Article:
Being present to the experience of the moment is very important to me. Learning how to stay present to others and myself has been a priority; I’ve worked hard to learn how to do this as fully as possible. Walking the Camino showed me that as present as I was mentally, emotionally, and spiritually, I was never fully present physically. How could I be when I was “there” as someone I had been half a lifetime ago?! The myth of youthful thinking had taken me to la-la land. I had been very happy there. As I surveyed the landscape from the new perspective of understanding, all I wanted to do was find my way back to reality, the reality of my body-truth.

At age forty-nine I need to accept:

  • Pacing myself helps my body to be able to function at its best. If I push now, I will pay later by being more tired and having less stamina than if I hadn’t. If I keep a steady pace, I will feel better at the end. I may be able to go further as well.
  • Rest is crucial. I benefit from breaks. After physical activity, my body requires stillness to regain its strength.
  • Bodily stress is cumulative. More time is needed for renewal than when I was younger. The greater the stress, the greater the recovery time.  Getting extra sleep aids my body’s capacity for healing.
  • I can hurt myself if I am ignorant about the way my body functions. Training, staying hydrated, paying attention to the needs my body is communicating are valuable, but they may not be enough to prevent injury. The damage I did to my anterior tibias as I climbed up and down mountains was something that taught me that the more I learn about my body, the better care I can take of myself. For seven months I walked at least an hour a day in preparation for the pilgrimage, I did practice walks with my pack the last month, I even incorporated longer training (up to eight-hour walks) into my regime, but I didn’t think about how training in the flat mid-west would not be able to prepare me for mountainous terrain. I would add some weight training for my leg muscles next time.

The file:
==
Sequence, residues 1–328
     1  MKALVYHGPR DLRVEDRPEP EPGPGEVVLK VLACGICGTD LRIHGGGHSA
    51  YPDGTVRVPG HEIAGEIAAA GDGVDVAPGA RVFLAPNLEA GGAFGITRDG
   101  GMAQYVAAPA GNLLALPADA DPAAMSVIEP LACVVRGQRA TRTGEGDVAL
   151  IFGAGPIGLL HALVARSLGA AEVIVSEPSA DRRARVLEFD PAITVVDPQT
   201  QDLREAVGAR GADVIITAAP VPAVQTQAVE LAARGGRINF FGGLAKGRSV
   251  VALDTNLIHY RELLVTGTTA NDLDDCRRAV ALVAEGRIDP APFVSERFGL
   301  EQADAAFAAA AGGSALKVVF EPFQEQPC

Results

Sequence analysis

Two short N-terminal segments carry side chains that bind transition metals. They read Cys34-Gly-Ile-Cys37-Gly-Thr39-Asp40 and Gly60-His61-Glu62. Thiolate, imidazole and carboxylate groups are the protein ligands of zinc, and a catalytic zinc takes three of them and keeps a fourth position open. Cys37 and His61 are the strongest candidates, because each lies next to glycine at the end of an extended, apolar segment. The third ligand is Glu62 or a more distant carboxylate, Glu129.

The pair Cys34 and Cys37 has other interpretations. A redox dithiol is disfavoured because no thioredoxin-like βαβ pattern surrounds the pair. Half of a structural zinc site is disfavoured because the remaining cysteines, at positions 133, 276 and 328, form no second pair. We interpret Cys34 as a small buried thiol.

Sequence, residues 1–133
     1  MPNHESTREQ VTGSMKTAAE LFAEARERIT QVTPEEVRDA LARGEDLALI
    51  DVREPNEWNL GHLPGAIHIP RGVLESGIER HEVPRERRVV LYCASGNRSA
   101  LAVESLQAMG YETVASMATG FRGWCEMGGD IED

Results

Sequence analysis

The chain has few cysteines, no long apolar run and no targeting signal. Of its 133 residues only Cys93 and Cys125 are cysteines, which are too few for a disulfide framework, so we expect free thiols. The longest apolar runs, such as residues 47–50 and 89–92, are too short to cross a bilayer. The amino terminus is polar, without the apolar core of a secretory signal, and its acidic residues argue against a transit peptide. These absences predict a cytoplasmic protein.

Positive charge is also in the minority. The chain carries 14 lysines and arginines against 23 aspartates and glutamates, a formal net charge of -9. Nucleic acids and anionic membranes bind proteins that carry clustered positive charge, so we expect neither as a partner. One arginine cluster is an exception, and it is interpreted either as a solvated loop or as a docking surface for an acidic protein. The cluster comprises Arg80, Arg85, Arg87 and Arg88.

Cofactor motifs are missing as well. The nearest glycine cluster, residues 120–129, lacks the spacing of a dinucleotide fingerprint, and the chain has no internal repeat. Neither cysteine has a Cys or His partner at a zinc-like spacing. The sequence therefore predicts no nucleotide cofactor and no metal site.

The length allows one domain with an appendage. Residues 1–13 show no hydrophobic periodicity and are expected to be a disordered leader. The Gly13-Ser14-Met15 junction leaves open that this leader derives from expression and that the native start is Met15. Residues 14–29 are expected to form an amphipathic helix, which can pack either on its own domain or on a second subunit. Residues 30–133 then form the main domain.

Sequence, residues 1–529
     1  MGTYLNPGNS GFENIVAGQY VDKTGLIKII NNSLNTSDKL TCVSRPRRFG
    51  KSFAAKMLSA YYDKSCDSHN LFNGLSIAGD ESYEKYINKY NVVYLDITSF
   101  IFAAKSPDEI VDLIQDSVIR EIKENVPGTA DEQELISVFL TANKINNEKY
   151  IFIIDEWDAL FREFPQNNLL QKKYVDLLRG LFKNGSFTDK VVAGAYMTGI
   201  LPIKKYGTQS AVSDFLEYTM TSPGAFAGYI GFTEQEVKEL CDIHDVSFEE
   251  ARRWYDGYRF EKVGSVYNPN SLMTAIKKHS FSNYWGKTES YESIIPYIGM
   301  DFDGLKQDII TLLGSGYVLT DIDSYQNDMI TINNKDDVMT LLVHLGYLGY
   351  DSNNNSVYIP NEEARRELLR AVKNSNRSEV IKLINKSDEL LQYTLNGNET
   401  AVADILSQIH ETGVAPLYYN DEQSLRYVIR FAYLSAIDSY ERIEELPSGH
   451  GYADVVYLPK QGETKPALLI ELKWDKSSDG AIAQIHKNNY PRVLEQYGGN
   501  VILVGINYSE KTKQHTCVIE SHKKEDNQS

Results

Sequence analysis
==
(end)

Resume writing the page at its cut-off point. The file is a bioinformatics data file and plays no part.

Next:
• My body will help me know how to help it heal if I pay attention. Along the Camino, I found or was given rocks. I didn’t want to add their weight to my backpack, so I taped them to my walking stick. One day I noticed that I had attached a piece of quartz at the height of my leg pain. I decided to find a larger piece of quartz and tape it to my injured shin to see if it would help. I noticed that the swelling decreased after it had been on for a couple of hours. Later I discovered that quartz is understood to have healing properties. My body had already understood and communicated this.
  • Supporting my body’s ability to restore itself is a way that I can show myself kindness. Laying on my back and putting my legs up the wall after a day of walking was a simple act, but one that made a huge difference in terms of how I felt later. Other easy ways to show care to my body include using essential oils and getting enough rest.
  • Paying attention to the realities of body mechanics is helpful. For instance, if I don’t want to become stiff, I need to stretch.
  • Physical exhaustion makes it virtually impossible to engage in meaningful relationships. Taking a nap before trying to have a significant conversation is a good idea when I am worn out. Praying was more satisfying after a rest period.
  • I need to pay attention to my physical capabilities and limits. I tend to be unrealistic about how much I can reasonably do.

These are some of the many lessons my body unequivocally communicated as I journeyed on the Camino. What I learned would have applied earlier in my life, but it’s also true that when one is younger, the body seems to be more forgiving. My body-teacher found in me a very perplexed but attentive student.

I am still wondering what it means to act my age. I am leery of any thinking patterns that would limit my ability to engage in life fully. I keep reminding myself that imagining myself as younger prevents me from experiencing the truth of this moment, this phase of my life. I want to know myself, my body-self. I want to be present to the truth of my life now. As denial and false thinking fade, I am expecting to meet myself even more fully. Acting my age may be an incredible gift, but it takes a lot of courage. Especially as I am trying it on, trying to commit myself to it.

Do not copy any part of this copyrighted essay without permission from Jill.
Photo ©Timothy Charles Geoffrion